Bring the sauce to a boil and then reduce the heat to low, Cook the sauce, uncovered, for 20 minutes, stirring occasionally. The lentils should be mostly soft at this point. Partially cover the pot and cook 20 minutes longer, allowing the sauce to thicken and the flavors intensify.  

Remove the pot from the heat and add the final ingredient: milk. Like the carrots and celery, this might sound weird. It’s not; it’s another traditional addition (well, not the nondairy part, but you get the idea). The milk lightens and mellows the sauce. Don’t we all need more mellow at mealtime?

Go ahead and taste the sauce, adjusting the salt to your liking. 

You can pair this sauce with any pasta you prefer. In my case, that’s chickpea flour penne pasta!

Use Chickpea Pasta for Even More Protein

Pasta made from chickpea flour is not newfangled craziness; it’s actually a classic option throughout southern Italy. It is appearing with greater regularity in supermarkets, too, right alongside regular pasta.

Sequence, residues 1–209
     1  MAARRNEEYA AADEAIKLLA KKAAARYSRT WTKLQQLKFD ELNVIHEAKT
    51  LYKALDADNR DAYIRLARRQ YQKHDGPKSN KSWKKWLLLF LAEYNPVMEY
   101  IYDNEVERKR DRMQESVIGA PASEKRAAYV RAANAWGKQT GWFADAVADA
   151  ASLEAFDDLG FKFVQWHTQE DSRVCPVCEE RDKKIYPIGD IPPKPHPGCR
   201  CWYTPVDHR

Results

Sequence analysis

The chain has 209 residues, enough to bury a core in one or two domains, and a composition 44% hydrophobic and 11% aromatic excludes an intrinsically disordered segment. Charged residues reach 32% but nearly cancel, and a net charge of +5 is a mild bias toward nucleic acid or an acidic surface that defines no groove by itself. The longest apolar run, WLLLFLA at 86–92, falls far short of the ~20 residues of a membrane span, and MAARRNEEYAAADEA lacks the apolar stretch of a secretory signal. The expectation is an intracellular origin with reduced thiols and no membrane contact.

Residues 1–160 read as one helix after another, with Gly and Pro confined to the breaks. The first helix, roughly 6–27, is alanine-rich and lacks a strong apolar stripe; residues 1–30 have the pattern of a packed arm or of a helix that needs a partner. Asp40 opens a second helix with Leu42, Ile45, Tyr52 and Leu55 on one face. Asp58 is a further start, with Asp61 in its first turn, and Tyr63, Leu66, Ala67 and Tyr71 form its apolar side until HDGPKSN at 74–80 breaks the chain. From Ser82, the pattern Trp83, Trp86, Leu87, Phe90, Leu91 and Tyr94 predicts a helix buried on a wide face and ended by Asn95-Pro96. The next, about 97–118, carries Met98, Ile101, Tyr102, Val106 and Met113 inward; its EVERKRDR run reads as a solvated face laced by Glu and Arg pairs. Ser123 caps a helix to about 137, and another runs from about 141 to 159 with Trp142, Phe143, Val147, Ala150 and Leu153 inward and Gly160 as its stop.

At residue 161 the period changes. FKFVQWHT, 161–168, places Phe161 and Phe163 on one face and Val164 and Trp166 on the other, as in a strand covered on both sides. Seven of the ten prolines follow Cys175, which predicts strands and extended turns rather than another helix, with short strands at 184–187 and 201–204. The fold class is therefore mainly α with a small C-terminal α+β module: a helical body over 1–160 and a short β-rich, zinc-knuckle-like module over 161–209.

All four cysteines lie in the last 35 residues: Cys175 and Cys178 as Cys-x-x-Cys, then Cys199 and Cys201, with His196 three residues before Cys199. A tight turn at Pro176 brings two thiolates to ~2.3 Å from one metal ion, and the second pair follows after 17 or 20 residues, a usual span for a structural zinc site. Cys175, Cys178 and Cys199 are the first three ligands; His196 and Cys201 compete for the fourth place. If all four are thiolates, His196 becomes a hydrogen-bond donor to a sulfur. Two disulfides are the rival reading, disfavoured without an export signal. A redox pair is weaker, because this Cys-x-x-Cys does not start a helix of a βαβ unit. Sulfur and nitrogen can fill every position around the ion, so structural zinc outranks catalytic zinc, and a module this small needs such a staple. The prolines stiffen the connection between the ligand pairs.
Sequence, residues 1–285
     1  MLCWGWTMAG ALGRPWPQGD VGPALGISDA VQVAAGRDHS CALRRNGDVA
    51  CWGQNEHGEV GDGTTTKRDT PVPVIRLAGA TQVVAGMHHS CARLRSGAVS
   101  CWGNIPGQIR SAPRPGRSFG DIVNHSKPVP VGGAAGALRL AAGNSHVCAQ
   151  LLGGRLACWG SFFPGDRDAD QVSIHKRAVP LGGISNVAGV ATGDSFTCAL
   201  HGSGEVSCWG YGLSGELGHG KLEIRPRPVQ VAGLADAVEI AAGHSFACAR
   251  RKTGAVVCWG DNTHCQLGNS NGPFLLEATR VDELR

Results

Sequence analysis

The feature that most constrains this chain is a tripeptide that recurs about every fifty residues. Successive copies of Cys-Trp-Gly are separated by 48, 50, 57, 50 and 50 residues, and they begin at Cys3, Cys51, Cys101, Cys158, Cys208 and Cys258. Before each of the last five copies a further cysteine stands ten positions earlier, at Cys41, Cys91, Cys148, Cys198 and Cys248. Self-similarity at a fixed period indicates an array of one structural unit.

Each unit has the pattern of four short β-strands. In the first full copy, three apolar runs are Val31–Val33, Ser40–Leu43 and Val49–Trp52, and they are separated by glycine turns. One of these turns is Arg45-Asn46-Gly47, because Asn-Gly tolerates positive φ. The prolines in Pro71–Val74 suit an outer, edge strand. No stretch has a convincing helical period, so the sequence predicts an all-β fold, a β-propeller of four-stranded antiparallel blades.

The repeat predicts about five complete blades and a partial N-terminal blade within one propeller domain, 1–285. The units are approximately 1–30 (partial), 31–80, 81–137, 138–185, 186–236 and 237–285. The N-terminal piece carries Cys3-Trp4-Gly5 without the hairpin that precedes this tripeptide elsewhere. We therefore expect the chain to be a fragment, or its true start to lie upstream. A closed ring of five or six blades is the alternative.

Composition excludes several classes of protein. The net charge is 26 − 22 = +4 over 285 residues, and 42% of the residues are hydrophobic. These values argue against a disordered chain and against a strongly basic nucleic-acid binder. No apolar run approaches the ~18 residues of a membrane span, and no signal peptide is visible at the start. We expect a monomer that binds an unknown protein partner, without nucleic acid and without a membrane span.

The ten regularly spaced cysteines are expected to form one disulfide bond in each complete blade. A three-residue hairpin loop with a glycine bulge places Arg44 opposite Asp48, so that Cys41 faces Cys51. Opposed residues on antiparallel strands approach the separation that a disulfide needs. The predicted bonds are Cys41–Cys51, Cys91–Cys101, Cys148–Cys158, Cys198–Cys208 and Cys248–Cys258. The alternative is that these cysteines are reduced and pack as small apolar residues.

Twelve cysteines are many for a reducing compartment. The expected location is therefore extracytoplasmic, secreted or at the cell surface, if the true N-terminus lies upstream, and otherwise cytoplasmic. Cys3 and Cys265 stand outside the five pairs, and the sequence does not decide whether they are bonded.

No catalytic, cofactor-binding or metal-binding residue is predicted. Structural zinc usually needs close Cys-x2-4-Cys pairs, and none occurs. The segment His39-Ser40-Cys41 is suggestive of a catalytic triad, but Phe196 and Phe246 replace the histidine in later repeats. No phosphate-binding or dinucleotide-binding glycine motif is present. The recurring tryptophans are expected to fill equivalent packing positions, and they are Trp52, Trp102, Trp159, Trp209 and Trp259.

The texture of chickpea flour pasta is just like regular pasta but with FLAVOR (slightly nutty…umm, like chickpeas). It is also packed with protein and fiber.

Both my local supermarket (Kroger) and Wal-Mart, in my smallish Texas town, now sport not 1, not 2, but 3 brands of chickpea pasta (Banza, Barilla, and Lensi)! It is likely available at your local stores, too.  If it is not with the other pasta, check out the health food section of the store. You can also order it online.

20 grams of Protein per Serving

Toss the sauce with the hot cooked pasta. Serve, sprinkled with optional parsley and Vegan Parmesan Cheese.

It’s even more delicious than it looks.

Have a big bowl! 1/8 of the recipe (about 1 and 2/3 cups) has almost 20 grams of protein and 14.3 grams fiber (kapow!), yet only 316 calories.

That’s my kind of traditional.

Happy eating!

More Amazing Vegan Lentil Recipe to Love: